Best Probiotics to Take with Antibiotics

Best Probiotics to Take with Antibiotics

Antibiotics are powerful tools in combating bacterial infections, but they often come with a significant downside: disruption of the gut microbiome. This disruption can lead to a range of gastrointestinal issues, including diarrhea, yeast infections, and in severe cases, Clostridioides difficile infections. To combat these side effects, many health professionals recommend taking probiotics during and after antibiotic treatment. The best probiotics to take with antibiotics are those that can survive the antibiotic onslaught and help restore the balance of gut bacteria, thereby mitigating negative digestive effects and supporting overall gut health.

However, not all probiotics are created equal when it comes to their effectiveness alongside antibiotics. Some may even be rendered ineffective if they cannot withstand the antibiotic treatment. It’s crucial to choose the right probiotics that have been proven to be resilient and can thrive even during antibiotic use. This guide provides essential information on selecting effective probiotic strains that can complement antibiotic treatments and help maintain gut health post-antibiotic treatment. By understanding which probiotics work best with specific antibiotics, patients can better manage their health and minimize potential gastrointestinal disturbances associated with antibiotic use.

Choosing Probiotics During Antibiotic Treatment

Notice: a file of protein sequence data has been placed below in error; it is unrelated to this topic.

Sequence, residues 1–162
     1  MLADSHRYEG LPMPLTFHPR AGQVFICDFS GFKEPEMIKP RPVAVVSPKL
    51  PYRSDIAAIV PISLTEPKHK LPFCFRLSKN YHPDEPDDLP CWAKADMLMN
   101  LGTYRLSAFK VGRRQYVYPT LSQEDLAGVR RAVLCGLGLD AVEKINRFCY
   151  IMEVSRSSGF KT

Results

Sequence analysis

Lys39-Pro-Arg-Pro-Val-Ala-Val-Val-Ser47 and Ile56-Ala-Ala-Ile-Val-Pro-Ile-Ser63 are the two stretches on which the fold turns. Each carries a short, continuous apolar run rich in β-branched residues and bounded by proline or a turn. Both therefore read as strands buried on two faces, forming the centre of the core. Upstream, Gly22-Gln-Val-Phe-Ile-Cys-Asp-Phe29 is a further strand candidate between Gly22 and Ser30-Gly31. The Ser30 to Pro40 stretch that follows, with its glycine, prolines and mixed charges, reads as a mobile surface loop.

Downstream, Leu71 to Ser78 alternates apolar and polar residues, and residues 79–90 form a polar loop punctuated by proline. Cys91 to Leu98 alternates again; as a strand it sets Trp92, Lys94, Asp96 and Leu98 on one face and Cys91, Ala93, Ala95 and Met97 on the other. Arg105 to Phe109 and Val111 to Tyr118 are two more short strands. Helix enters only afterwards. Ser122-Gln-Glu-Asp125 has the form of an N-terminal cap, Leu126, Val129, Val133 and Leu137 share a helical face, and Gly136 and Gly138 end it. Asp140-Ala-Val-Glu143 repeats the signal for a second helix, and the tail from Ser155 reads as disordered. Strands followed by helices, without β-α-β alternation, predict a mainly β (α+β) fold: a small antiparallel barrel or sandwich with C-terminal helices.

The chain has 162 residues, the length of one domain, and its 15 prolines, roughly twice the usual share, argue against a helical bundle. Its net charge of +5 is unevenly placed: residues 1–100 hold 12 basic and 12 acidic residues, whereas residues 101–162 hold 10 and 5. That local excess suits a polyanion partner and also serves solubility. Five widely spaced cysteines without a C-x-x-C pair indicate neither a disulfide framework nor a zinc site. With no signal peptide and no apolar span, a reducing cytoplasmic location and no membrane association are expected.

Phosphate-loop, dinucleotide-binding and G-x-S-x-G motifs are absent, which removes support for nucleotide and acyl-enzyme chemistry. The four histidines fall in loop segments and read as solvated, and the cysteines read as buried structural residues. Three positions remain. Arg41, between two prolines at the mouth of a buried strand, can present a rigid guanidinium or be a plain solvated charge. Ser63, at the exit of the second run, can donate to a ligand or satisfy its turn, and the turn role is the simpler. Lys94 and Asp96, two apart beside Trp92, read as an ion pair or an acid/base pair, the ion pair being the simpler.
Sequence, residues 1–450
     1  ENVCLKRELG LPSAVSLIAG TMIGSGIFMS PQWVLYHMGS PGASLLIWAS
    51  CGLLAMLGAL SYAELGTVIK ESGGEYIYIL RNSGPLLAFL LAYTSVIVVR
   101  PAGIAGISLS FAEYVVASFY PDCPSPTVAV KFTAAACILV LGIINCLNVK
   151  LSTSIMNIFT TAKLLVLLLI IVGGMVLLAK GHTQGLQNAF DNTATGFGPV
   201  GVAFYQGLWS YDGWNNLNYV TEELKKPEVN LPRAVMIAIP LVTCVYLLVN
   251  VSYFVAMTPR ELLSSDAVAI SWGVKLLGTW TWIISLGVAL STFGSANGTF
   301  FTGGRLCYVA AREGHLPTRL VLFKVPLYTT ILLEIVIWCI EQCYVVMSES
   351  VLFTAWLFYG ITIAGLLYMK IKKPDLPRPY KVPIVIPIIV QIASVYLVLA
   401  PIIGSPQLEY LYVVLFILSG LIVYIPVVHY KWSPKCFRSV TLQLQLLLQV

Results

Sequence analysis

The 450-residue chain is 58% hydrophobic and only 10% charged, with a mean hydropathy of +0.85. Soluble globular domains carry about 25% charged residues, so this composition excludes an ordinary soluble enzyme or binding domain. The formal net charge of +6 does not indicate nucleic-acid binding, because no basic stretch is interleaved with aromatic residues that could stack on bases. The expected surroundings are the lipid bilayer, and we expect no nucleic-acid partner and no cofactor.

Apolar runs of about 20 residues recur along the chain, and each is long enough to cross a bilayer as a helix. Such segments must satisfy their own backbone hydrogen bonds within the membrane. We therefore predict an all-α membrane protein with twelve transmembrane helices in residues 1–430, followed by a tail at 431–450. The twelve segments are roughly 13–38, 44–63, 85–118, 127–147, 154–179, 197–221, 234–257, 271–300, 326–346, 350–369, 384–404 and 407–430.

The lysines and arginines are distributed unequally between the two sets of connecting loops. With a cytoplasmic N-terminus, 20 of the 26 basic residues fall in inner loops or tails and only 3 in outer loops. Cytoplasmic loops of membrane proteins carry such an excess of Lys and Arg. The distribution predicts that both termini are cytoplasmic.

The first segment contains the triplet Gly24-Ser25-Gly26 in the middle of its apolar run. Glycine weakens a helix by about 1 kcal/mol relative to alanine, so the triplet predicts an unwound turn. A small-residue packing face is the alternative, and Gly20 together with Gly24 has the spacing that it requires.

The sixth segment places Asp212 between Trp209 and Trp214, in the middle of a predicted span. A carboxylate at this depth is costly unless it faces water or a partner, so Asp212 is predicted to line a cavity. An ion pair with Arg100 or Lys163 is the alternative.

Effective Strains

When selecting a probiotic to take alongside antibiotics, it’s essential to choose strains that are known for their resistance to the effects of antibiotics. The following strains are particularly effective due to their resilience and specific beneficial properties:

  1. Lactobacillus rhamnosus GG: This is one of the most extensively studied probiotics for antibiotic therapy. It has a high survival rate in the acidic environment of the stomach and is not commonly affected by antibiotics. Research indicates that Lactobacillus rhamnosus GG can significantly reduce the incidence of antibiotic-associated diarrhea and is also effective in preventing Clostridioides difficile (C. diff) infections, which can be a serious complication following antibiotic treatment.
  2. Saccharomyces boulardii: Like Lactobacillus rhamnosus GG, Saccharomyces boulardii is a robust yeast probiotic that survives stomach acid and antibiotic exposure. It is particularly noted for its efficacy in reducing antibiotic-associated diarrhea and for its role in the prevention of C. diff infections.
  3. Lactobacillus acidophilus: This probiotic strain helps maintain a balanced gut microbiota during antibiotic use, preventing the overgrowth of harmful bacteria. Lactobacillus acidophilus is beneficial for overall digestive health and supports the immune system, which can be compromised during and after antibiotic use.
  4. Bifidobacterium bifidum: Effective in maintaining gut health, this strain helps inhibit the growth of harmful bacteria that may proliferate when the natural balance of gut flora is disrupted by antibiotics. Bifidobacterium bifidum aids in the digestion of fibers and complex carbohydrates, and contributes to the overall health of the gastrointestinal tract.